In 1999, Sugata Mitra traveled to an urban slum in New Delhi with a curious mission. He dug a hole in a wall, inserted an internet-connected personal computer, and walked away, leaving only a hidden camera to observe the results. Little by little, children began to approach this “Learning Station,” accidentally discovering various functions such as scrolling, clicking, and eventually becoming able to operate different programs. These children, ages 5-16, had little or no prior formal schooling and could not speak English (Thomas). However, this did not hinder the power of a child’s curiosity. After playing around and exploring, the children eventually became comfortable and proficient with various computer programs. Mitra and his colleagues observed children drawing with MS paint and browsing with Internet explorer. The kids even came up with their own computer language. For example, the word for needle, “sui,” was assigned to describe the cursor. Even more fascinating than the individual exploration of computer function was the exchange of information between children that occurred. Peer interaction served as the primary share of computer knowledge as children simultaneously observed and assisted their friends in using the computer. In the absence of teachers, children formed impromptu groups that worked together to learn and teach. Test scores between those who were actually interacting with the computer compared to those who were merely observing were identical. This interactive learning discovery was astonishing, and thus the success prompted Mitra to repeat the experiment across India in both urban and rural settings (Thomas.) After two years, children all over India began to Google their homework. Eventually, the project spread to countries across the world, including Italy and Cambodia. Despite location, the results were excitingly similar.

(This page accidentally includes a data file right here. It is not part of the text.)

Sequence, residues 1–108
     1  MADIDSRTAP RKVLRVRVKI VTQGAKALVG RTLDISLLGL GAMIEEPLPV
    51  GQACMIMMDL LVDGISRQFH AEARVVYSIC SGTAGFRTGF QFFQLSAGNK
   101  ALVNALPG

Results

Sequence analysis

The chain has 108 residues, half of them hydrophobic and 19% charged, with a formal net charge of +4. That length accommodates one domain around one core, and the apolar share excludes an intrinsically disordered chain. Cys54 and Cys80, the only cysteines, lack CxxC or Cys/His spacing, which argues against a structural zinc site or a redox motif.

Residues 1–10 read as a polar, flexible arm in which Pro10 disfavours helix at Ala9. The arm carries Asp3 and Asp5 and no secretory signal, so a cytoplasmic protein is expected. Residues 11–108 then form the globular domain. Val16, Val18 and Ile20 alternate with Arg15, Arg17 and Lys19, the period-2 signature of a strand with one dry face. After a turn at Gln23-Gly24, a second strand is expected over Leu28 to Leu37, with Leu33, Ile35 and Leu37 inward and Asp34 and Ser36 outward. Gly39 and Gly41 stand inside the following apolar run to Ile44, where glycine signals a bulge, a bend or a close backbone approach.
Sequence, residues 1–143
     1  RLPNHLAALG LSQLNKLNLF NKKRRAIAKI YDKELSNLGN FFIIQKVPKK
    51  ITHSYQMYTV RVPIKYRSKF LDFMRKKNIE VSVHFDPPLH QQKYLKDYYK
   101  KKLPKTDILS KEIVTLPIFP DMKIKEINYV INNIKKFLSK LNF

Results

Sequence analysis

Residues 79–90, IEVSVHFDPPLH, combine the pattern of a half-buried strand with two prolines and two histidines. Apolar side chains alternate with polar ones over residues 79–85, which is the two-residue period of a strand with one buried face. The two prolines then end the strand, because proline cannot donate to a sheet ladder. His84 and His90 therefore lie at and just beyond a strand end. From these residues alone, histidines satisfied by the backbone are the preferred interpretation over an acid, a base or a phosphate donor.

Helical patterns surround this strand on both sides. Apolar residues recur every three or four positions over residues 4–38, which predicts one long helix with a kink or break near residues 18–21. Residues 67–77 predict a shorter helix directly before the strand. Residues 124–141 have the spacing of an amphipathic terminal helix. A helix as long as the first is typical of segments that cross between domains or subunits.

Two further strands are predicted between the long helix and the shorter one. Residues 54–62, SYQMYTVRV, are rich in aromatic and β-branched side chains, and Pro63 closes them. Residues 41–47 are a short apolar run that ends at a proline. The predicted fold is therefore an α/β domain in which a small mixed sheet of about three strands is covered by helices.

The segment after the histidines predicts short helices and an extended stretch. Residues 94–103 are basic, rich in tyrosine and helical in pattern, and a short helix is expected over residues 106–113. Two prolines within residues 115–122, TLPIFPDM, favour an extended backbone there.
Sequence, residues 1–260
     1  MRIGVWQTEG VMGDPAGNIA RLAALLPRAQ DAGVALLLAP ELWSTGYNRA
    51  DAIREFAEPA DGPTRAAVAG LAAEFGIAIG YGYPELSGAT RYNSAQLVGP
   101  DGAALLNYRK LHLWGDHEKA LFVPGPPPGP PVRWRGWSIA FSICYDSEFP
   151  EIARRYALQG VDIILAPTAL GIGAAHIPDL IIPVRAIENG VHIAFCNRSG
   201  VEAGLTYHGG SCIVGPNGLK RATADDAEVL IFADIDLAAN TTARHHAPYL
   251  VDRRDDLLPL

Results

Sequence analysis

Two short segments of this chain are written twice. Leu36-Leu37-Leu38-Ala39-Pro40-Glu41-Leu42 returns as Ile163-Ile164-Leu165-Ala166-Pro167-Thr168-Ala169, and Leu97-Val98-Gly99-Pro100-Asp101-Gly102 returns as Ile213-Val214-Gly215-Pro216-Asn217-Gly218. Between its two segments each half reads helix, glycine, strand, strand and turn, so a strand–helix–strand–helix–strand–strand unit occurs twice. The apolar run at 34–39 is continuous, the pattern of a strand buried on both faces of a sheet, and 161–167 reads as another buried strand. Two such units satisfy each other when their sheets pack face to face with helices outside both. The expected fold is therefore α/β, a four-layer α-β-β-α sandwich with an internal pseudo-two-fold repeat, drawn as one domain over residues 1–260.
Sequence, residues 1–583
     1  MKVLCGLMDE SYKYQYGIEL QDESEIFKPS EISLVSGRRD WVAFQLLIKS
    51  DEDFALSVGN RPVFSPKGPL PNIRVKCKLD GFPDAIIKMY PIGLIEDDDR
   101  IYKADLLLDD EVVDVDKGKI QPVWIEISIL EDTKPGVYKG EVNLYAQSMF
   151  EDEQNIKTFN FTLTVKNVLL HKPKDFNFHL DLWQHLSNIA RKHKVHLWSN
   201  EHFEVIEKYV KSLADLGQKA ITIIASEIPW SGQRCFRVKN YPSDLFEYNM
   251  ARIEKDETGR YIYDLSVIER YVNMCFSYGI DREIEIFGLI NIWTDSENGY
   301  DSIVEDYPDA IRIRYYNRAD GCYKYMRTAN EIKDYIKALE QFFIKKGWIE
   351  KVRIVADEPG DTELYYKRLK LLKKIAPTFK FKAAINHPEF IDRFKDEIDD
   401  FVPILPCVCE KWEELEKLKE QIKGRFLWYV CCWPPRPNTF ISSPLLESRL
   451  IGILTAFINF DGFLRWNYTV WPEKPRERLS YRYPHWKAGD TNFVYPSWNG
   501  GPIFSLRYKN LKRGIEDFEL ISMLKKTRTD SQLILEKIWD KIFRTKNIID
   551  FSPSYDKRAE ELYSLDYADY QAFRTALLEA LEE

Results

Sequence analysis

The Hole in the Wall experiment provides an important insight towards how children learn. Whereas traditional education settings assume that children need formal schooling, rigid curriculum, and a structured environment, Mitra’s experiment reveals that an environment that stimulates curiosity and peer are extremely important. Mitra learned that if a child wants to learn something, and is given the tools to do so, they couldn’t be stopped. When motivated by curiosity and peer interest, children are able to teach themselves and others even without direct adult supervision. However, the important understanding found in this experiment is that children must be in groups. The way the learning environment is set up is as such: One child is generally given the role of leader. This child navigates, browses, and explores the Internet. Two or three other children that serve as advisors surround the child. Because this environment involves social interaction rather than independent study, the children are much more likely to retain what they learn. These learnings can range from language acquisition to understanding of biotechnology.